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Showing posts from September, 2009

Toolkit books are "in the building"

....actually they aren't... but the container in which they are stored has arrived from China at Felixstowe according to my colleague Paul, and the next phase is for them to go through customs, and then be dispatched to the GA.. so expect them sometime in the next few weeks. Will let you know when I finally have my hands on them...

Landscapes of sound

Have mentioned the SOME LANDSCAPES blog before, and if you are teaching about landscapes this is worth adding to your FOLLOW list. The AUTUMN LEAVES sound site is rather good.

Countryside Quality Counts

Regular readers of the blog may remember some recent posts on the idea of LANDSCAPE CHARACTER. Came across an old map when sorting through some stuff in the loft at the weekend which showed the whole of the UK split into different areas. On it was a website, which turned out to be out of date, but did lead me to the Countryside Quality Counts website. Some useful resources here for exploring local landscape change...

Travel Writing

One aspect of the book is a look at TRAVEL WRITING. There was a good article on the future of the genre in Saturday's Guardian . A few good quotes from the piece, from two of my favourite authors: "A good travel writer can give you the warp and weft of everyday life, the generalities of people's existence that are rarely reflected in journalism, and hardly touched on by any other discipline. Despite the internet and the revolution in communications, there is still no substitute." Colin Thubron "Old travellers grumpily complain that travel is now dead and that the world is a suburb. They are quite wrong. Lulled by familiar resemblances between all the unimportant things, they meet the brute differences in everything of importance." Jonathan Raban

The Big Picture

A nice idea taken from a FLICKR GALLERY by user Kristal A landcape made from a series of images for sky, horizon and foreground. Similar to the activity in the book looking at images as a mosaic a la Rolf Harris.

Norfolk Coast Management Plan

Got a copy of this document on Monday night via the Norfolk Coast Partnership It's the proposed plan for 2009-2014. It includes some useful sections on landscape , and something called landscape character . The whole of the Norfolk coast has been split into sections which have a particular character. I live on the border of the North Norfolk AONB: Area of Outstanding Natural Beauty, which then extends all along the coast from my village. What is Landscape character ? Put simply, landscape character is what makes an area unique. It is defined as "a distinct, recognisable and consistent pattern of elements, be it natural (soil, landform) and/or human (for example settlement and development) in the landscape that makes one landscape different from another, rather than better or worse". Natural England have a range of landscape character resources on their website. One activity that could be tried would be to come up with some new types of landscape character for the area a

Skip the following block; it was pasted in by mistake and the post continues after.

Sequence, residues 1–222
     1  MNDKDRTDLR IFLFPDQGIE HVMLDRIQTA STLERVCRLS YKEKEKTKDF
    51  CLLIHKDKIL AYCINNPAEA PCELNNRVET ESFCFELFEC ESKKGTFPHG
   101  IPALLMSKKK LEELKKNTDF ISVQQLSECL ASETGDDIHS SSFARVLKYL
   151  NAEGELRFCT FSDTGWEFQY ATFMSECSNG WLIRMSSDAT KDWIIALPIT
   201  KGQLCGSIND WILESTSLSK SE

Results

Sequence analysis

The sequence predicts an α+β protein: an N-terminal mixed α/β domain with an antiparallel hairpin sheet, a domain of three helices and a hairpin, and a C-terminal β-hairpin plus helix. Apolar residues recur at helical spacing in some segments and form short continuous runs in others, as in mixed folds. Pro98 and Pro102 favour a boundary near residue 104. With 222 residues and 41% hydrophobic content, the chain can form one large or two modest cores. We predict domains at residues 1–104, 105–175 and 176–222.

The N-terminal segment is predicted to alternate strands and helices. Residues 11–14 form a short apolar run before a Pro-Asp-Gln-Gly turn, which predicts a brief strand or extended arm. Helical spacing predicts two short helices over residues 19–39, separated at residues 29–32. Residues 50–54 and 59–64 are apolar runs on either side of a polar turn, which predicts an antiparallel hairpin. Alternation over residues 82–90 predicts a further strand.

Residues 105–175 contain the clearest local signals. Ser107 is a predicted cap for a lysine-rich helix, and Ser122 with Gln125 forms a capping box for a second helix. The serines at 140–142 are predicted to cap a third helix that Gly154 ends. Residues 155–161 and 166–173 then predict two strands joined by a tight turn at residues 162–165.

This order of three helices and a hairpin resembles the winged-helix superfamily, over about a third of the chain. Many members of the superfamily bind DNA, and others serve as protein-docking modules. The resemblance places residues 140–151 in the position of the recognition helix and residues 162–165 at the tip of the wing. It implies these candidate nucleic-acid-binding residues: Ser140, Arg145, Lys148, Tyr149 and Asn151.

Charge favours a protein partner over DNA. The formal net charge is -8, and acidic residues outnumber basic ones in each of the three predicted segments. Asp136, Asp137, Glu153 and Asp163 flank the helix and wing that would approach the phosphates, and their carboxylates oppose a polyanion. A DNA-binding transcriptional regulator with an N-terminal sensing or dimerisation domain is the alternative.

Language of Landscape

The Ordnance Survey are sending their free maps into schools once againthis term. Make sure you have registered to receive yours. This year, in addition to the usual maps, stickers, map skills guide etc. there will be a 12 page booklet produced with Natural England. Natural England website now has all the resources. You can read about the scheme, and the booklet, which is called "The language of landscape" is available to download as a PDF. The booklet is accompanied by a series of other PDF downloads to support the activities, which could contribute up to 4 lessons to a Year 7 Scheme of Work, such as these fab ACTIVITY CARDS (PDF download) Thanks to Mark Jones and Val Vannet, and also to Ian Gilbert for inspiration for part of this resource. Those credits didn't make it into the final document... If you use this, please let me know what you thought of it, how it went, whether you invented some other activities etc. Also send any pictures of work that grows out of

Thought for the Day

Travel is mostly about dreams—dreaming of landscapes or cities, imagining yourself in them, murmuring the bewitching place names, and then finding a way to make the dream come true. The dream can also be one that involves hardship, slogging through a forest, paddling down a river, confronting suspicious people, living in a hostile place, testing your adaptability, hoping for some sort of revelation. Paul Theroux Read more:

New GA website now live....

Not necessarily related to landscapes but... The GA web team: Anne Greaves and Ben Major, have been working away for months with designers Ledgard Jepson on a new website for the Geographical Association, and it is now live , after several weeks of beta testing and tweaking. Visit the GA URL to see the new site. The site looks a lot brighter, clearer and easier to navigate, and uses more of the screen’s width. Thanks to a major effort on tagging the resources, it is also easier to find things using the ‘Search’ function if they are not immediately obvious from the home page, and a new ‘Resource Finder’ should help you find something appropriate to the key stage and topic that you are interested in quickly, or items written by a particular author. A one page user guide to the new site and how it’s laid out can be downloaded by following the link (PDF download): Members can also bookmark their